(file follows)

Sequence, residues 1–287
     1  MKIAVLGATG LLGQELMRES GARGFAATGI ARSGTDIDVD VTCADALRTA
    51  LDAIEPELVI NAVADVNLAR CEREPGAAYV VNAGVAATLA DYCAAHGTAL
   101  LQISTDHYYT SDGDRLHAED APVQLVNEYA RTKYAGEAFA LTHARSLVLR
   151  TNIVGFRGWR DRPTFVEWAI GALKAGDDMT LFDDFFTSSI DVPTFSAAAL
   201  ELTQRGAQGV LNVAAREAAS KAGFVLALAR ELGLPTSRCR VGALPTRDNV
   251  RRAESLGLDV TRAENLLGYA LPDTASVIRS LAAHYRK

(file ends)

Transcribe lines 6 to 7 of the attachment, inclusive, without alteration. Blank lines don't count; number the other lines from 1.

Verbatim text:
   201  ELTQRGAQGV LNVAAREAAS KAGFVLALAR ELGLPTSRCR VGALPTRDNV
   251  RRAESLGLDV TRAENLLGYA LPDTASVIRS LAAHYRK